Filming with Discovery Science
Last Friday, a crew from the Discovery Science Channel interviewed our Director of Education, Francis French, author of not one but two books about the space race (hence why they asked to interview him), about the Delta II rocket that exploded in 1997. The History Channel over a year ago filmed Francis about the same explosion for a different type of show, more of a fast-paced clip show with talking heads. Click here to see that video.
To start off the shoot, the Education Department first headed out to Fiesta Island to talk about the science behind rockets by using model rockets. They had us at model rocket! For a good portion of the morning they just filmed Francis talking about how a rocket flies and the different types of propellant used and how that can become a problem.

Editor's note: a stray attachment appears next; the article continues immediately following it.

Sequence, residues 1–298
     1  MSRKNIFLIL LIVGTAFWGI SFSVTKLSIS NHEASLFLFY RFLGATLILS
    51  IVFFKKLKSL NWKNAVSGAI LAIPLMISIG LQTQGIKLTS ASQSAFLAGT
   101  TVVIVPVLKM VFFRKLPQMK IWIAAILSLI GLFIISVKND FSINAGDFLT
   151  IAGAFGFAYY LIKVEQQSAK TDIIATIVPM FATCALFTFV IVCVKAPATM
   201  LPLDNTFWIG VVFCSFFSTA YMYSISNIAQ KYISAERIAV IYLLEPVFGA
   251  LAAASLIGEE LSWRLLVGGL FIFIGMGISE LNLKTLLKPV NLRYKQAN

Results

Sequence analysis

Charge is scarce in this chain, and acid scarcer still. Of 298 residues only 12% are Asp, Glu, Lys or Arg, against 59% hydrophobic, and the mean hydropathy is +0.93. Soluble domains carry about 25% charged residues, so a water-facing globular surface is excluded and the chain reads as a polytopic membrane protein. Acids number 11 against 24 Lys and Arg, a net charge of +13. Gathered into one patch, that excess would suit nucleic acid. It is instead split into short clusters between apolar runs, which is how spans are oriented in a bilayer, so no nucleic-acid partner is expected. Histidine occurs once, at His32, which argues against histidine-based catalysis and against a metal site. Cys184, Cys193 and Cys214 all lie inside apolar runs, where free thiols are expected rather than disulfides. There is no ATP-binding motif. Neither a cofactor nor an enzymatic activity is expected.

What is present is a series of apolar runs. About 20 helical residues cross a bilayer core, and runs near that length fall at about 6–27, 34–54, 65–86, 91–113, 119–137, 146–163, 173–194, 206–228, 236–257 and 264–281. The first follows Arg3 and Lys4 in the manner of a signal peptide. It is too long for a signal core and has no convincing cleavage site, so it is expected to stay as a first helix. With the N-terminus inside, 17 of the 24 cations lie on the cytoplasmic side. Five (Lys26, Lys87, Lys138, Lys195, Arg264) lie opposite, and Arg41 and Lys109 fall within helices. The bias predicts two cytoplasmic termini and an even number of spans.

Finally, after 2 hours of talking, we launched rockets. We used a “D-12-5” sized engine which according to our calculations are about 100,000 times less powerful than the rockets used by the Delta II rocket. The first rocket flew nicely, the second became a little unstable after launch and made a 90 degree turn, about 200 to 300 feet up, making it parallel to the ground. However, it did land safely in the launch zone. For the third launch, they wanted a close up shot of the rocket going off so we tied it to the launch pad, which delayed the rocket launch for a few seconds, just enough time to get the high speed shot, and then rocket took off.
After launching the two more rockets, we left Fiesta Island and headed back to the museum. After lunch, the crew shot a more in depth interview with Francis in our boardroom and in front of our GPS satellite. After they finished filming at the museum they drove out to our Gillespie Field Annex to film a few segments in front of our Atlas rocket to end the day.
We will update you when the show will air but to tide you over here are a few pictures of the morning filming and launching.